Monday, August 17, 2009

Economists, of course

Moral: Wherein we look at an important class, as least, they are so in their own eyes. Kidding.


This blog deals with things economic. And, those who study those same things offer us a science that is dismal, at best, and positively dire, at worst.

But, the discussions are always of interest. Take The Economist (please). Kidding, again, as I love the Brit humor. Buttonwood (Tied to the mast) covers some important issues, such as taxes.

Who pays for what is always a problem. What we've seen of late is a diminishing income for the majority of the people, while the giant sucking machines filled the pockets of the few. It's been said many times.

And, that mass movement of wealth was due to an economic ideology. Let us just say, that the best description is characterized by the old refrain: privatization of any gain, socialization of all loss. And we, the taxpayers, are put into the position of being the buyer of last resort, even with our minimal means (and beans). Too, one main property of the markets under this ideology is that any constraint related to 'moral hazard-ness' is relaxed.

Ah, that ideology, according to some, is now hiding in the corner. If only.

Methinks that it can be better. How to accomplish this will require that economists agree on a few things. What are those?

We can name a few with more promised at some future point.
  • Labor is the core. How else will we get consumer spending? Thievery? Oh wait, that is essentially what the 'giant sucking' mentioned above consisted of.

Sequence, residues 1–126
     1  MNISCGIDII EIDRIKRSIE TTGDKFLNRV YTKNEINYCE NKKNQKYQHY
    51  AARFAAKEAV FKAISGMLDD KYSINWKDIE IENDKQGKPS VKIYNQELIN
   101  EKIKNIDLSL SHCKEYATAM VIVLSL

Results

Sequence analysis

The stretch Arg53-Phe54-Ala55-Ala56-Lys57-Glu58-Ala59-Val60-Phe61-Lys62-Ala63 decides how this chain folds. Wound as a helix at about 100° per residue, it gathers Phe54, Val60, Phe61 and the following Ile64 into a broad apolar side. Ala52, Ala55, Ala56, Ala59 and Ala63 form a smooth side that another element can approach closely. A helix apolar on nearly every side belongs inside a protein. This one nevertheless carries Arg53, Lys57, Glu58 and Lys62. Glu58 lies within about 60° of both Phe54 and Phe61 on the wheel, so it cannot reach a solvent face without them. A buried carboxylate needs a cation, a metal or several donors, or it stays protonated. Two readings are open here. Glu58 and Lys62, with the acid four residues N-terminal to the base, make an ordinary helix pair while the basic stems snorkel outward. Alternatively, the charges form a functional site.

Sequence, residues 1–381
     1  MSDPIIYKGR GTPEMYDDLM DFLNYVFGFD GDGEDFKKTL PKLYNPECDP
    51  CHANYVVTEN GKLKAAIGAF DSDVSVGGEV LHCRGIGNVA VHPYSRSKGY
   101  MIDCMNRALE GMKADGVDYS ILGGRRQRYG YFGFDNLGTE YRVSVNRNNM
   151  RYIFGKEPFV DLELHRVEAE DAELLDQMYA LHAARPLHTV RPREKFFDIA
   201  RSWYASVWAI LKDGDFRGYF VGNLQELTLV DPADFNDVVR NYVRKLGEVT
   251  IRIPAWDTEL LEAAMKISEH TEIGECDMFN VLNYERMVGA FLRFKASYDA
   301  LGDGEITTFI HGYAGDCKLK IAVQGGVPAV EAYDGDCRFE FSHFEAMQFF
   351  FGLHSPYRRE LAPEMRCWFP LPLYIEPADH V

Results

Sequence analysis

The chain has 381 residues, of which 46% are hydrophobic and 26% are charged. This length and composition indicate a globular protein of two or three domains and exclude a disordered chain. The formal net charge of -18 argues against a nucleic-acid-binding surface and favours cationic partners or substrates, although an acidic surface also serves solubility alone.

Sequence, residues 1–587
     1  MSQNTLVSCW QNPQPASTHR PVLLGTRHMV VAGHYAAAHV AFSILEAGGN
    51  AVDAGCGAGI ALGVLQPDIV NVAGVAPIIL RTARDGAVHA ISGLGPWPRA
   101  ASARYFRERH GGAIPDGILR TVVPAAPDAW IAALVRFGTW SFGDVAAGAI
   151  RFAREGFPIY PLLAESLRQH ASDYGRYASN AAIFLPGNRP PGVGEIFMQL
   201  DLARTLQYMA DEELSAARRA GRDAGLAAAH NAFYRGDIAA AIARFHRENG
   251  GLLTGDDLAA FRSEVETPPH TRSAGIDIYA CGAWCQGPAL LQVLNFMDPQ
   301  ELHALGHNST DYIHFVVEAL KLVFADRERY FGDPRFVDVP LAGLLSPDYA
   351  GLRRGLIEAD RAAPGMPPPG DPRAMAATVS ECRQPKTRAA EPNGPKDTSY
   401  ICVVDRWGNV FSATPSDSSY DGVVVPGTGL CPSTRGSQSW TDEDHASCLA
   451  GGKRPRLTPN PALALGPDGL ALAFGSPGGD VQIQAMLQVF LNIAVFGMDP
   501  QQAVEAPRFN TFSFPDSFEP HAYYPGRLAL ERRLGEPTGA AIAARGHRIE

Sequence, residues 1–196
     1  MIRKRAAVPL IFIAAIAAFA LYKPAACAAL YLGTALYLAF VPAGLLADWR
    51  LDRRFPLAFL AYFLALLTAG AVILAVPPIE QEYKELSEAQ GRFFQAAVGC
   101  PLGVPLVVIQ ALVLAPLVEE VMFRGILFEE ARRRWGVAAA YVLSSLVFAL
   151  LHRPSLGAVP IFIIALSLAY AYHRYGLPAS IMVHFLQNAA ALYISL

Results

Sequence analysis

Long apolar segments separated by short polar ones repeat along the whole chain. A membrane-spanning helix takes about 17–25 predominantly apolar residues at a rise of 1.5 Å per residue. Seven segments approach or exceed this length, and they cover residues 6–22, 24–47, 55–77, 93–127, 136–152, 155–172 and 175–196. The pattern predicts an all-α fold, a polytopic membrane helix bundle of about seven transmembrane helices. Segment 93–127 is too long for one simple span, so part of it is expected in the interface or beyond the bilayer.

• Knowledge, and capital, related to persons is key to stability. Adam Smith can (must) be updated; his times, of course, were enthralled with machinery.
  • Markets are a means, not the end (see the above bullet for the end).
  • Corporations are not persons, at least not totally. Nor does the Corporation over-extend the political will of the people. Oh, what is that?
  • Money is another means. Our maturity can be best reflected in an economy using something beyond a gab standard.
This incomplete list is only a starting point.


03/15/2015 -- Finally, getting around to the pending business.

03/20/2010 -- The basic problem of capitalism is that the Made-offs are its chief representative.

01/07/2010 -- We need to look at capitalism, closely.

01/06/2010 -- Poor Ben, getting grief and criticism.

12/29/2009 -- Time calls Ben an uber-Nerd.

12/28/2009 -- Ben was named the Time Person of the Year. Nice. We can't call him 'King' as we saw with Alan's 'cult of personality' reign.

12/15/2009 -- Requiem for the dollar (WSJ) and responses.

12/10/2009 -- More roles include the consumer and the economy.

10/29/2009 -- Bankers, Lawyers, Corporatists, Economists, and more. Roles abound.

09/09/2009 -- To look at some issues addressed here, we'll need to consider Alan's reign.

09/09/09 -- We'll need to look at UUUN, as a framework.

09/04/2009 -- It has been decided about Ben, the saver sacker. We still need to discuss the overarching metaphor for the economy. Quants are it!!

Modified: 03/15/2015

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